I have a confession today. I am almost 47 years old, but I am still more than a bit of a little boy when it comes to games. I tend to be a monogamist when it comes to games. As a child I went through phases with many different board games like Monopoly and Battleship and Scrabble. As a new computer user I got really hooked for several years on Tetris. And then I went online for the first time and stumbled into Multi User Dimensions. It was a sort of Dungeons and Dragons– but played with people all over the world and with none of that tiresome fixation on various-sided die and no need to continually buy additional sets to keep the game fresh.
I spent hours and hours every day using Telnet to connect to quark.gmi.edu: 4150. Honestly, I had never been real big on Dungeons and Dragons; some folks took it so seriously that it was hard for a casual player not to exhaust their enthusiasm, long before the perpetual arguments about what a particular roll Really meant in terms of game play or just how the words in the book should be interpreted could get fully underway, let alone resolved. In my real life experience, D & D people were dull because they rarely wanted to talk about anything else. The wonderful thing about Timewarp was that it was a place I could constantly chat with an ever-expanding roster of good friends that I talked to every day, and whose real lives I was a part of, as they were a part of mine. Online friends, and particularly people I met on Timewarp changed my life, perhaps as much or more as any other experience.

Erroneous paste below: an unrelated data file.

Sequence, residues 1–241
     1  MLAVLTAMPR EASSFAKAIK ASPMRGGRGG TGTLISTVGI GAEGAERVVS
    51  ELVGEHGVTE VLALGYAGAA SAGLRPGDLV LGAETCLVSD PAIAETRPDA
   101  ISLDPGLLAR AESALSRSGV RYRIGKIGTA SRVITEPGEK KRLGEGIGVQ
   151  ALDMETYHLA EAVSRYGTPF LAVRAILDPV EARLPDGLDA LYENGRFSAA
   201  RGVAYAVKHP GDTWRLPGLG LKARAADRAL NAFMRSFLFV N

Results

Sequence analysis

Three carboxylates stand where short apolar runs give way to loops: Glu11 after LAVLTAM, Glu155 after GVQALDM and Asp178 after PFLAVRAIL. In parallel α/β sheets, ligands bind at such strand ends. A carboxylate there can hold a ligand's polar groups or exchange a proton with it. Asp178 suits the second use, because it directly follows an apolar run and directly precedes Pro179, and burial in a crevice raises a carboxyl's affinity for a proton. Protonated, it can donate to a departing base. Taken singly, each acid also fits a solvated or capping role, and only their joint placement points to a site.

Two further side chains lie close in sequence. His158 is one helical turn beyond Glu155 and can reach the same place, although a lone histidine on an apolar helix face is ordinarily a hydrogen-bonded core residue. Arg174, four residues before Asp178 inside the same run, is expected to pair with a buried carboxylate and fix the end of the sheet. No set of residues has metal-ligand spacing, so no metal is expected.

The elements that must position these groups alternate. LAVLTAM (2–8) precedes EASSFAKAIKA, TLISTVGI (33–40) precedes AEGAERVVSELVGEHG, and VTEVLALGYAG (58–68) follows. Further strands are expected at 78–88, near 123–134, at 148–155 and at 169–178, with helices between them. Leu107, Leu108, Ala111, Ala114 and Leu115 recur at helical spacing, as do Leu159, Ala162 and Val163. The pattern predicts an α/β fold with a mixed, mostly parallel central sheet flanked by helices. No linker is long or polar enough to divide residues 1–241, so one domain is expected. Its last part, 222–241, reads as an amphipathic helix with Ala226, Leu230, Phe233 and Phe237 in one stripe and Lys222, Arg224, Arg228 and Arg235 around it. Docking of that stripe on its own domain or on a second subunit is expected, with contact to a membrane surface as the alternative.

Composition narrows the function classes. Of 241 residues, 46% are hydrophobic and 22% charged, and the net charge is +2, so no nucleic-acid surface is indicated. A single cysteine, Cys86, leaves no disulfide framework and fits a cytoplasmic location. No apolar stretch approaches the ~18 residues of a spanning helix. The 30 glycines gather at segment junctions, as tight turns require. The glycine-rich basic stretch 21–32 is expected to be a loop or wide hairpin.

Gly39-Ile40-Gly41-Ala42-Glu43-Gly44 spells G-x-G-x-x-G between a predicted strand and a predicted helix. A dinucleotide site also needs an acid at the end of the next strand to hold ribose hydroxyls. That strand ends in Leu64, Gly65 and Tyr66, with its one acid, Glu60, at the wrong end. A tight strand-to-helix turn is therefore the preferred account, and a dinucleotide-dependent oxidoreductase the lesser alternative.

My friend Mangus, it eventually developed worked in Tech Support at Microsoft. When I pissed and moaned about my job one day, he said to me “Why don’t you move out here, Outofit. I could help you get a job with a tech company.” I had long decided that Boston was not the right place for me. And when I kept on talking to him, and he seemed to honestly believe that I could get a much better job in Seattle, I quit my crappy job and my crappy apartment, leased a new Toyota for three hundred bucks and set off down the yellow brick road to Oz. In Chicago I stayed with one online friend (on Christmas Eve– she took me to her sister’s dinner and they made me feel like family, even though I had never before met them face to face). I detoured to San Rafael, California to visit and stay with a friend who had fled Boston not too long before me and had a great job with a Marin software company. After a breathtakingly beautiful and deeply emotional, almost spiritual seven day journey I docked in Tacoma, Washington and spent three month’s camping out on my incredibly generous and wonderful friend Loofa’s couch. All of these people were just “folks I played games with”. But they all gave me food, a place to stay and a real chance to change my life so much for the better, that I know I will never, ever be able to re-pay them– except of course to the extent that I too extend love and kindness to people around me who are in need at the moment they pass through my life.
Today Spiggi told me that “friends and games are unrelated.” This post is to reply, in friendship and without rancor that that is the most asinine thing I have ever heard.